Yesterday we discussed one way to improve query performance in SQL Azure by making sure your statistics are kept up to date. In today’s penultimate post we look at another way to get information about your queries in SQL Azure: wait events.

One of the first things I noticed that was missing from SQL Azure was the presences of a similar view for sys.dm_os_waiting_tasks. This was disappointing at first but then I remembered that I could find wait details in system views that we have already seen. That means I can use the following query to gather details about the currently requests and what they are waiting for:

SELECT SUBSTRING(ST.text, (QS.statement_start_offset/2) + 1,
((CASE QS.statement_end_offset
WHEN -1 THEN DATALENGTH(ST.text)
ELSE QS.statement_end_offset
END - QS.statement_start_offset)/2) + 1) AS statement_text, QS.*
FROM sys.dm_exec_requests QS
CROSS APPLY sys.dm_exec_sql_text(QS.sql_handle) ST
WHERE QS.session_id > 50
AND QS.session_id <> @@SPID

I decided to see what results I would get for wait types while running an batch of insert statements into my SQL Azure database. I created a small table to store the results and ran the above statement once a second to track the different wait events. Most of the events seemed familiar like a PAGEIOLATCH_XX, or WRITELOG. But the following three wait events I found to be interesting:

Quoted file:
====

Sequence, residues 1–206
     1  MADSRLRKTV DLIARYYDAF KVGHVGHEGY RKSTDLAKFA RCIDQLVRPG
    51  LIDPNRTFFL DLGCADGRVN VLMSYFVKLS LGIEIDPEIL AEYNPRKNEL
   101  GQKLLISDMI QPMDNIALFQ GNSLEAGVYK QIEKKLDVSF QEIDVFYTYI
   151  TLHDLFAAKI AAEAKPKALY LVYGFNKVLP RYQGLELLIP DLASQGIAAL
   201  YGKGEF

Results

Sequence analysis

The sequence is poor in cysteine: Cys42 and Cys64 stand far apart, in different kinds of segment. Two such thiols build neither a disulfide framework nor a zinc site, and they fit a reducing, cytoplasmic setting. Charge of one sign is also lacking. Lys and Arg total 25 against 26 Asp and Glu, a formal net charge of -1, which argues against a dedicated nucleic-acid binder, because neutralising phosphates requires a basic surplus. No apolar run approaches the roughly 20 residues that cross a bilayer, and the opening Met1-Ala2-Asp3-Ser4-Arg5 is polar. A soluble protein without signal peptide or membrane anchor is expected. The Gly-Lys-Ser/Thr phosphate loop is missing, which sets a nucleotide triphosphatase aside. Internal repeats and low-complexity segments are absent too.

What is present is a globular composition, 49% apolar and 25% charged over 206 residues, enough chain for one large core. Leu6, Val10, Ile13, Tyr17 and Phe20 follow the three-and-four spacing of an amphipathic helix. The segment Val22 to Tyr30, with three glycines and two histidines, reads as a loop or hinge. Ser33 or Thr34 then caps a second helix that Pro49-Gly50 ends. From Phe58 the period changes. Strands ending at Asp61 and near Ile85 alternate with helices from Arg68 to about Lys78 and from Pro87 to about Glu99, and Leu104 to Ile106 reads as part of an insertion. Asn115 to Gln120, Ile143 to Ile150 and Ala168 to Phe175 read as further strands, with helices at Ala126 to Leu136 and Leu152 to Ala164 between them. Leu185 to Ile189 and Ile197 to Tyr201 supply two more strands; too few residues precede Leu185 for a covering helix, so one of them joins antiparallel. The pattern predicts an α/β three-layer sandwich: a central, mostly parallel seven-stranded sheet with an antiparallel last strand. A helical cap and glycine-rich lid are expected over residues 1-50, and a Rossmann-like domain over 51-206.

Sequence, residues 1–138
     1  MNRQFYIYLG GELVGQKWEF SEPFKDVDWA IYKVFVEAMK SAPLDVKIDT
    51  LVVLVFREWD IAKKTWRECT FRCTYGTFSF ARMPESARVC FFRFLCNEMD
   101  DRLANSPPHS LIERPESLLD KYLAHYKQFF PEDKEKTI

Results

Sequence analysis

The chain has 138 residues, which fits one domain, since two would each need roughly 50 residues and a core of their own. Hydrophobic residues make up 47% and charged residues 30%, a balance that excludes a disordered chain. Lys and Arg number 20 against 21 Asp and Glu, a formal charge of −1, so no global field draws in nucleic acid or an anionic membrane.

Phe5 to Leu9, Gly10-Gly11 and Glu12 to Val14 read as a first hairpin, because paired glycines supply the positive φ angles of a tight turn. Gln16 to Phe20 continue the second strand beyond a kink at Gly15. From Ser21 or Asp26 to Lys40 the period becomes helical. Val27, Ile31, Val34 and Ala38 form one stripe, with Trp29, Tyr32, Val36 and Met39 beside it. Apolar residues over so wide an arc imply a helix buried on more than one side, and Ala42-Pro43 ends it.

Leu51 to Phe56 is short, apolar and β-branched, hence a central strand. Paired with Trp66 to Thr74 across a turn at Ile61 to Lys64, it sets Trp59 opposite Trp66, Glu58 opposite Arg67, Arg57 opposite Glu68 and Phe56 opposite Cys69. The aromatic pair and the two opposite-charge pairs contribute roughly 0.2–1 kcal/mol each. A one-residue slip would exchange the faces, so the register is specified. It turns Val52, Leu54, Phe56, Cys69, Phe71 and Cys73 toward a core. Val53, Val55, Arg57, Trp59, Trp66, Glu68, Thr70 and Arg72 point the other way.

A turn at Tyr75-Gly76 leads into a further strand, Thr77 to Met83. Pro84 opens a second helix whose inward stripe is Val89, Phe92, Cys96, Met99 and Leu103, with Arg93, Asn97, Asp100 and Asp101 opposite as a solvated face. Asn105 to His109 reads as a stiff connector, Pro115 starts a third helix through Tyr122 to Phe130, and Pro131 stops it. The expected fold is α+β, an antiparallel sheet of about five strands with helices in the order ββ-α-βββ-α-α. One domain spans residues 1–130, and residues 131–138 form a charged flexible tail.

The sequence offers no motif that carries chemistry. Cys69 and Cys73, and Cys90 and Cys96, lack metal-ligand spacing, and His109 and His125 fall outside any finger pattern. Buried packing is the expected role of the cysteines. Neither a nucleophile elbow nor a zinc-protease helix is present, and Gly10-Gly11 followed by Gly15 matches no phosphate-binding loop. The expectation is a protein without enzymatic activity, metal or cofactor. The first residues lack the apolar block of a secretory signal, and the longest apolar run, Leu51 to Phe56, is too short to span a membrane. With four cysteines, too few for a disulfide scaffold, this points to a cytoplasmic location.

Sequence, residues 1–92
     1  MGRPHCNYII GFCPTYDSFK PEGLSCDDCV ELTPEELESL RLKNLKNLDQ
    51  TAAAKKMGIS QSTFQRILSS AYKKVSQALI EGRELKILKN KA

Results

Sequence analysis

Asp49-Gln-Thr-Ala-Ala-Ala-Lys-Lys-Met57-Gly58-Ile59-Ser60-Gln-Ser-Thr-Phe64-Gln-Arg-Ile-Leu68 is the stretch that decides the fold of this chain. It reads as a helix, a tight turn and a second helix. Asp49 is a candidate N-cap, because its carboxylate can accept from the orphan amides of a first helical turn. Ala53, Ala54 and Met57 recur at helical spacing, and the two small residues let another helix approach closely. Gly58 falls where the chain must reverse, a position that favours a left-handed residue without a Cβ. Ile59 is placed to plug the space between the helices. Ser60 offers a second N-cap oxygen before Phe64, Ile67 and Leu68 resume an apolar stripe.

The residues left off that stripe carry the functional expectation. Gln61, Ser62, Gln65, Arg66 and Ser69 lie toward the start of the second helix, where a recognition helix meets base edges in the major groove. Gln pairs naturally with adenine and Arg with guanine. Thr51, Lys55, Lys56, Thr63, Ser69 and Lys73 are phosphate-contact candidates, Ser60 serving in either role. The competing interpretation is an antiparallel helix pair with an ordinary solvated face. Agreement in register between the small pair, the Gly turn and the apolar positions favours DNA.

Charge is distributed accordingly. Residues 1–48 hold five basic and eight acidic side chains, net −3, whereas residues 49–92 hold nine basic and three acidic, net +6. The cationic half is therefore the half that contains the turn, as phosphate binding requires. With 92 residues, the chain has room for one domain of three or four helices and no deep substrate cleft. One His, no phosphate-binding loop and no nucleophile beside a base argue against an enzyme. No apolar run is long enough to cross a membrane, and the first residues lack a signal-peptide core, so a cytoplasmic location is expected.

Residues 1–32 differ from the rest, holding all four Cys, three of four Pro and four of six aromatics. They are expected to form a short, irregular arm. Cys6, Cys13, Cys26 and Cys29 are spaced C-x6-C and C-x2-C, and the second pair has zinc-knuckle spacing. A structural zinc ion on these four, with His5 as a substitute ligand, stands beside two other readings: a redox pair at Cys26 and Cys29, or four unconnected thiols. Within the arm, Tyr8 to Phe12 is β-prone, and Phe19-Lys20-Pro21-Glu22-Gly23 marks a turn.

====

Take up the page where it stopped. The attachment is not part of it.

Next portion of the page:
• SE_REPL_COMMIT_ACK
  • ASYNC_TRANSPORT_STREAM
  • CMEMTHREAD

The CMEMTHREAD wait event is found in on-premise versions of SQL Server, but it is not very well documented. The short answer here is that you are waiting on memory, and one of the reasons why is explained here by Gail Shaw (blog | @SQLintheWild). The SE_REPL_COMMIT_ACK wait is not documented at all and the only reference I found to it was in this MSDN forum. Essentially it is a SQL Azure specific wait event that has to do with ensuring you have one primary and two secondary copies of your data. The ASYNC_TRANSPORT_STREAM does not seem to be documented at all.

Here is why this information is useful to you. If the wait events were all common ones, say LATCH_XX, PAGEIOLATCH_XX, or even WRITELOG then you are likely to be able to take action on reducing contention by making some different choices regarding database design, or indexes, or even the way you have written your queries. Some wait events you are likely not going to be able to fix yourself, such as SE_REPL_COMMIT_ACK.

I like knowing what my queries are waiting for, because it also helps me to understand who is likely to be responsible for making things go faster.

Tomorrow we wrap up this series.